One of the stands at almost every defence and aerospace show that always stands out thanks to its resolutely red, Italian design is Finmeccanica. Well, not Finmeccanica anymore, but Leonardo-Finmeccanica until the end of this year and then just Leonardo from 1 January, 2017. The difficulty being that with the new name if you want to look the company up on the internet the first results to come up will be Leonardo Di Caprio, the actor, then Leonardo Da Vinci, the 15th century Florentine inventor, artist and scientist that the Italian aerospace and defence company is now named after. So it might be a while before a search engine will bring ex-Finmeccanica to the fore!
This name change would have passed us by here at FOB, I must confess, but that our attention was drawn by an article published on 20 May by our colleagues at Defense News to the effect that a consortium made up of Iveco and Leonardo-Finmeccanica will be developing a new Centauro II wheeled tank with a €160m input by the Italian defence ministry. A prototype of this updated Centauro, a 30-ton vehicle with a top speed of 105 kph, will be unveiled at next month’s Eurosatory show in Paris.
The upgraded Centauro will be equipped with a 120mm gun (the original has a 105mm 52 calibre Oto Melara gun) and a more powerful engine (720hp).
The Centauro was initially developed in the 1980s using similar sub-systems to those in the Ariete main battle tank (MBT), the Dardo tracked AIFV (armoured infantry fighting vehicle) and the Puma series of wheeled armoured vehicles. It was designed and built by Iveco, the main contractor, Fiat, Oto Melara, part of Finmeccanica, and Galileo Avionica, who produced eight prototypes from 1987 to 1988, the tank finally entering service with the Italian army in 1991. The last of the 400 ordered were delivered in 2006. They were first used in combat in Somalia, undertaking some 8,400km of reconnaissance/patrol missions. The tank was later fitted with the BAE Systems ROMAR-A ERA and passive armour that increased its weight by three tons but provides protection against 20mm projectiles in the front and 12.7mm projectiles elsewhere.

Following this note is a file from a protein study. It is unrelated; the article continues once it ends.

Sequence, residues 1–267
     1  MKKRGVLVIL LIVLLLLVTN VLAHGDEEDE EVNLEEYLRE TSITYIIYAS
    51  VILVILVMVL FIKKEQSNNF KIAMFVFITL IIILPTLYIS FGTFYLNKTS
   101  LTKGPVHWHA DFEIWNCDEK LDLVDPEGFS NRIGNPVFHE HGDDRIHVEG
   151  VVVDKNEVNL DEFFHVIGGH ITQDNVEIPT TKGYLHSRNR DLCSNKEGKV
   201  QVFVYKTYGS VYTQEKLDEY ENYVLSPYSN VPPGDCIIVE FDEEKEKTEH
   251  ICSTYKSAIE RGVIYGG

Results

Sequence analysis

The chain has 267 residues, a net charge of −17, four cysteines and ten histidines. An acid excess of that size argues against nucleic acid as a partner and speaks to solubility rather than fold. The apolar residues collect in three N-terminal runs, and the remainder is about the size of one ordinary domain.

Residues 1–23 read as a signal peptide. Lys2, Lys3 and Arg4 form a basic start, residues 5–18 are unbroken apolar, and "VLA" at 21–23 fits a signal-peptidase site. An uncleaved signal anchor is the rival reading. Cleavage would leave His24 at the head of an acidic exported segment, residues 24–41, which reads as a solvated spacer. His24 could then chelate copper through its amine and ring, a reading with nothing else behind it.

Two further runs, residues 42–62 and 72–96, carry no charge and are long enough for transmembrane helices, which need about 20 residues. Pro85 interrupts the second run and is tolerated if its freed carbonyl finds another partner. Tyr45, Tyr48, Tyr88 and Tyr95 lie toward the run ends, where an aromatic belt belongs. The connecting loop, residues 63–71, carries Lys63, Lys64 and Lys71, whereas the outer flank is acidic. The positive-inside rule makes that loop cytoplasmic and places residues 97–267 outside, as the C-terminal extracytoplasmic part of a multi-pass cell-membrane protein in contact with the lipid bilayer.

The NBC compatible Centauro is used by the Spanish army which bought 84 of them and Oman which has nine, whilst Jordan procured 141 from Italian Army surplus.